Intersectionality - Race, gender, sexual orientation, gender identity
HIV disproportionately affects communities of color, men who have sex with men, transgender women, and cisgender women of color. These identities can complicate your experience with discrimination or disparate treatment in the workplace. Therefore, it is important to remember that anti-discrimination laws that protect your rights as a person living with HIV also cover certain “protected classes,” including your race, ethnicity, religion, sexual orientation, and gender identity.
Examples of discrimination against employees living with HIV that are prohibited by law
Employers CANNOT discriminate against a person because:
- they have HIV
- are regarded as having HIV (even though they do not)
- or are associated with someone who has HIV
Examples of possible forms of discrimination include:
- firing an employee
- segregating an employee
- forcing an employee to take leave
- forcing an employee to accept an accommodation
- rejecting a candidate for a job or failing to promote an employee because they have HIV or because they associate with someone who has HIV.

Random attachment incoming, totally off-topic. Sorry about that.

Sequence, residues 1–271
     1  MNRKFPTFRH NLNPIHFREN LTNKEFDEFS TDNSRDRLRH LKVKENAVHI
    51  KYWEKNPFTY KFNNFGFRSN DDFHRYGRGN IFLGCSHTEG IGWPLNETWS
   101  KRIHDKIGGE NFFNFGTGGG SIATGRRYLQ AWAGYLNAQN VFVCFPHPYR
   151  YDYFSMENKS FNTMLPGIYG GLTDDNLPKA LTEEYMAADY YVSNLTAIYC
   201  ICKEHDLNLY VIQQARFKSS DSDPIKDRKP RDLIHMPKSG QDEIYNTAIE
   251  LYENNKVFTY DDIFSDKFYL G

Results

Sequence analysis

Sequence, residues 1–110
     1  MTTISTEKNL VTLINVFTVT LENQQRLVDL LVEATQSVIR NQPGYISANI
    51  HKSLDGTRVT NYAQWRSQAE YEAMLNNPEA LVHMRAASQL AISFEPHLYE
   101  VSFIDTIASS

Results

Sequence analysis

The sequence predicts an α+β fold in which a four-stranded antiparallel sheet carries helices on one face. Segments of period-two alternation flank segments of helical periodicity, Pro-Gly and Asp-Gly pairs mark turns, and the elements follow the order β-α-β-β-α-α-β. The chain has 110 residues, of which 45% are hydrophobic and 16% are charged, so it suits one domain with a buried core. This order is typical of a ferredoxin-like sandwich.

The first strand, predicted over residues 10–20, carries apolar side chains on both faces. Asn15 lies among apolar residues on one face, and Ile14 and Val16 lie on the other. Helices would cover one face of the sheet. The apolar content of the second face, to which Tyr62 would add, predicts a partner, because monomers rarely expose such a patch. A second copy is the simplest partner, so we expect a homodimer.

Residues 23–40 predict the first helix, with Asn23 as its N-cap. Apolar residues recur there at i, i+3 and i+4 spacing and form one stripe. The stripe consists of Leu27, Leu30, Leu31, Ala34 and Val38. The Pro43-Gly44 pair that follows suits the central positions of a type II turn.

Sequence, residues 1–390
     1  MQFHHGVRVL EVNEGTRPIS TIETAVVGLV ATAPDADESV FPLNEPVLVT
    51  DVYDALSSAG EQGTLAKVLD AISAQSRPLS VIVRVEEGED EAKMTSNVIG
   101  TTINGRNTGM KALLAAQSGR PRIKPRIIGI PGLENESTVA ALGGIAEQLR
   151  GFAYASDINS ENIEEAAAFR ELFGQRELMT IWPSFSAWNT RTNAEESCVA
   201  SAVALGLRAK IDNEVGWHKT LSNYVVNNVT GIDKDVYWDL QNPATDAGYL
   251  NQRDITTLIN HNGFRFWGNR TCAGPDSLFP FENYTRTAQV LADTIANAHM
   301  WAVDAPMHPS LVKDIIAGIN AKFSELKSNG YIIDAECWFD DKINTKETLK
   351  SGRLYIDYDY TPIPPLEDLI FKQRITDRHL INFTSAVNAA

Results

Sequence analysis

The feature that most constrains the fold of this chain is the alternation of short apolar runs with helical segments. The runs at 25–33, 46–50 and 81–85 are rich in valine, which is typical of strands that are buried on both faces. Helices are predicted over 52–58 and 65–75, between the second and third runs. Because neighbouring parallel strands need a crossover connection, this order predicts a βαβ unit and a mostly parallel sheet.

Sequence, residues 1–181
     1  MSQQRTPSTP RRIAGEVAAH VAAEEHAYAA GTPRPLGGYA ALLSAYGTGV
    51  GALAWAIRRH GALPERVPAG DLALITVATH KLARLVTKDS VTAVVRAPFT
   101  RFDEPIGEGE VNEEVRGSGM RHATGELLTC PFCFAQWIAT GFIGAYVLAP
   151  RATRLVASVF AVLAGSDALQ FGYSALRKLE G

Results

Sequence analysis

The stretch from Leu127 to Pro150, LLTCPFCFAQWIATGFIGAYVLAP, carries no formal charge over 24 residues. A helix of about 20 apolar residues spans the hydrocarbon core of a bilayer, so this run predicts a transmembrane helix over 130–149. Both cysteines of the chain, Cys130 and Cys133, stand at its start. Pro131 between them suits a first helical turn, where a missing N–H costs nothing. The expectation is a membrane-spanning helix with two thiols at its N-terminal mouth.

Undocumented Immigrants – Also Protected
Immigrant communities throughout Los Angeles continue to be impacted by HIV including many residents who are undocumented or do not have a work permit.
The good news is, regardless of immigration status, immigrant workers are generally covered under the same California labor laws and discrimination protections as any other employee which means you can also come forward with complaints about workplace discrimination or violations of the labor code. Under these laws, you have:
- Wage and hour rights
- A right to workers’ compensation
- A right to State Disability Insurance
- A right to paid family leave
- A right to unionize or participate in a union (However, your immigration status may limit the legal remedies available to you)
You are also covered by anti-discrimination laws.
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